Mr. Chairman and members of the Committee, I am pleased to appear before you today to
discuss the ways that biomedical research--by developing treatments and preventive strategies for
chronic and disabling diseases -- can play a critical role in enabling older persons to remain
healthy and active. "Active aging" is a critical issue not only in the United States, but
internationally as well. NIA and many international colleagues are committed to developing
preventive strategies to delay the onset of chronic and disabling age-associated diseases, as
emphasized last year in the G7 Denver Summit communique and reinforced last month at the
Birmingham Summit of the Eight. I appreciate this opportunity to discuss current NIA research
efforts aimed at the prevention of disability and current and future international collaborative
efforts to promote active aging through cross-national research.
When the National Institutes of Health (NIH) was established in 1887, the public health focus
was on infectious diseases. The great killers of 1887--cholera, tetanus, typhoid, diphtheria,
tuberculosis, pneumonia--are now susceptible to effective albeit imperfect strategies for
treatment and prevention, and life expectancy has soared. Today's great killers--heart disease,
cancer and stroke-- are diseases that can stay with the patient for many years and resist attempts
at a cure. Chronic and disabling conditions such as dementia, arthritis, impairment of sight and
hearing, and physical frailty may cause years of pain, suffering, and loss of function.
Fueling the rapidly changing demographics of our population are increasing life expectancy and
the aging of the babyboomers. With increasing life expectancy comes increasing opportunities
for people to fall prey to the "epidemic" of the modern age-- chronic and disabling diseases and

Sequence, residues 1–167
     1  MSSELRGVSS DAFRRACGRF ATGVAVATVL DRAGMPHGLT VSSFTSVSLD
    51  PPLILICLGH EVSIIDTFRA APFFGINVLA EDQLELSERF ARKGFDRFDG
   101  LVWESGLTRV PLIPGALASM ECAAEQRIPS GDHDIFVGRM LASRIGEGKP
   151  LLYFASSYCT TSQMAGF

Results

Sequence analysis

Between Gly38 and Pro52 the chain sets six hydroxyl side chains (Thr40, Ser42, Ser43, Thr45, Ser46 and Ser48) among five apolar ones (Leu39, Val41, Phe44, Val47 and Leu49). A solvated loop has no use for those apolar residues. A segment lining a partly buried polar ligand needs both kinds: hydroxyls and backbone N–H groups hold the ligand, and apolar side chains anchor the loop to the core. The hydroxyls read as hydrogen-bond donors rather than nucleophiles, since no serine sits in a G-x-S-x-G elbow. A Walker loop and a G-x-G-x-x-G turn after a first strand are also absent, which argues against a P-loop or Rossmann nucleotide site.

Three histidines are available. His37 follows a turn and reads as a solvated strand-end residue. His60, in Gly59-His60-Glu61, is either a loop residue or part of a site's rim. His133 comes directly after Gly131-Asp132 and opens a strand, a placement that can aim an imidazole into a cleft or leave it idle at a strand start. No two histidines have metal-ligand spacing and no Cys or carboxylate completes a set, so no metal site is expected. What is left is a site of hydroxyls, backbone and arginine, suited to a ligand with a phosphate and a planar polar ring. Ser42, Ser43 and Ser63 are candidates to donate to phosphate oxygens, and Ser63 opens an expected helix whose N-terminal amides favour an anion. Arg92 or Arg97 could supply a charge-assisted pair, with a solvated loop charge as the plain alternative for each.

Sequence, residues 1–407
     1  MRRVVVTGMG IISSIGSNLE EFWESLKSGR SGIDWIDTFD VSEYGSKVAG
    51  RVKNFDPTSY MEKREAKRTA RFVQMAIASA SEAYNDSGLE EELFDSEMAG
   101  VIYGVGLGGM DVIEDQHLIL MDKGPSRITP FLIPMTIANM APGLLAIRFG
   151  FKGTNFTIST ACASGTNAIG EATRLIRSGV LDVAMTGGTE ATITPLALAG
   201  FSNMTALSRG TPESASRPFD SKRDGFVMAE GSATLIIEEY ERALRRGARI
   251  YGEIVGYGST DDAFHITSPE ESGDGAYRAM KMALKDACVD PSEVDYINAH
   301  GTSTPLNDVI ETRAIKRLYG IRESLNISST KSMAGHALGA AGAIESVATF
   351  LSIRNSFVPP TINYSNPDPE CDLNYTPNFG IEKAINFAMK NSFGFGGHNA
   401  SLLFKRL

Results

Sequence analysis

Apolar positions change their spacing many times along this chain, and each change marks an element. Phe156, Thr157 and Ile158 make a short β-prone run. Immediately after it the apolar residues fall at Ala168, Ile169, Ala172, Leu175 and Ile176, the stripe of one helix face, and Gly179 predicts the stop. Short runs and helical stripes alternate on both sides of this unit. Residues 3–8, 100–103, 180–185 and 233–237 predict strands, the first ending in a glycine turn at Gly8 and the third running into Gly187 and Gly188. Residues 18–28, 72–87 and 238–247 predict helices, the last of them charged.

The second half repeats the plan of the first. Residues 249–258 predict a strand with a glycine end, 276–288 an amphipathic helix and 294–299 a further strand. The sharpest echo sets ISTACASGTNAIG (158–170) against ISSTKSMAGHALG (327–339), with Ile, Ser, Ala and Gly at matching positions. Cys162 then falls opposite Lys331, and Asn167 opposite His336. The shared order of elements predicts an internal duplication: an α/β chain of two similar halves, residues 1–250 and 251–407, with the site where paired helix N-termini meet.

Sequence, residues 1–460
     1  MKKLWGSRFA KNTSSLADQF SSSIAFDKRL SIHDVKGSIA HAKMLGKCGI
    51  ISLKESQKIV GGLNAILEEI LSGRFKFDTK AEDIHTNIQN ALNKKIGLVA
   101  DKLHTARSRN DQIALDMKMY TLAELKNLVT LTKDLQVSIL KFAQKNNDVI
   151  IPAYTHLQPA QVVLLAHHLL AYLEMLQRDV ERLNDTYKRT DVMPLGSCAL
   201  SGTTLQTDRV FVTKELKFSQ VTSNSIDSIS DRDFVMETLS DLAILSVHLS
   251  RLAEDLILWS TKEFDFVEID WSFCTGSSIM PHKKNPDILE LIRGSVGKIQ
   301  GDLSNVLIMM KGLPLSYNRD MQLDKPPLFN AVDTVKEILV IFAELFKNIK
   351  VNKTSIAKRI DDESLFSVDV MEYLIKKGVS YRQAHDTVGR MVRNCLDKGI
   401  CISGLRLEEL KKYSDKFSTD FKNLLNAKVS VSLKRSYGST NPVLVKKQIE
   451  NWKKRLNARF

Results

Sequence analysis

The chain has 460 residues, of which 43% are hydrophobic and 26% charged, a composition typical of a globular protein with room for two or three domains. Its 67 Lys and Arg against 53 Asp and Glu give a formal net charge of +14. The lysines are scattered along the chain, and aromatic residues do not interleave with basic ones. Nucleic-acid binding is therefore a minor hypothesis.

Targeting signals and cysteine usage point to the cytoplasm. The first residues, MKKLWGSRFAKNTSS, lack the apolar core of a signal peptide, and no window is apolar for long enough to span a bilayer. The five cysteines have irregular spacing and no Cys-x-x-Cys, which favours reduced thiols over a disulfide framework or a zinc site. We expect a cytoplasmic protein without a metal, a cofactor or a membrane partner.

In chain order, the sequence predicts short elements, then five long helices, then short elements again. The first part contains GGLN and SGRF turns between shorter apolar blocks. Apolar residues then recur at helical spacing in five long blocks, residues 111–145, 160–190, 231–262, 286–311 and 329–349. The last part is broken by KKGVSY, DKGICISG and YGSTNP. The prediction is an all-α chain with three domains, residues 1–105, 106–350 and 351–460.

conditions. The 75 million babyboomers who will turn 65 in the next century are at risk for
many years of chronic disability.
The good news is that we are accumulating the tools to treat, delay, or prevent the conditions that
interfere with active aging and constitute a terrible burden of pain and suffering. We have built a
solid foundation of knowledge about the basic processes underlying disease. Modern approaches
to scientific investigation are now revolutionizing our ability to understand how the human body
functions at the most fundamental level of the cell and the molecule. We are rapidly expanding
our knowledge about the biological, behavioral, and social changes that occur with advancing
age. By capitalizing on these new opportunities, we can work to substantially decrease the
burden of disease and implement strategies that can maintain physical and cognitive abilities
throughout the aging process.
Basic research is providing significant insights into the aging process and associated chronic
conditions. For example, major new advances have been made in understanding the role of
telomeres (DNA segments on the ends of chromosomes) and telomerase (an enzyme which acts
to extend the length of telomeres) in aging and cancer. Most normal cells have little telomerase
activity, and these cells lose a portion of their telomeres each time that they divide. When the
telomeres have shortened sufficiently, cells stop dividing. Research is now being directed
toward understanding whether this limited capacity for cell division is related to the diseases or
disability that can accompany aging. In contrast to the behavior of normal cells, most human
tumor cells have high levels of telomerase activity--these cells maintain their telomere length and
divide endlessly. Many scientists view telomerase inhibition as a potential new approach to
The excitement of new scientific advances is illustrated in research relevant to several chronic
disabling diseases-- Alzheimer's disease, cardiovascular disease, prostate cancer, osteoporosis
Alzheimer's disease. The National Institute on Aging (NIA) leads an intensive effort to
conquer Alzheimer's disease, a progressive brain disorder marked by an irreversible decline in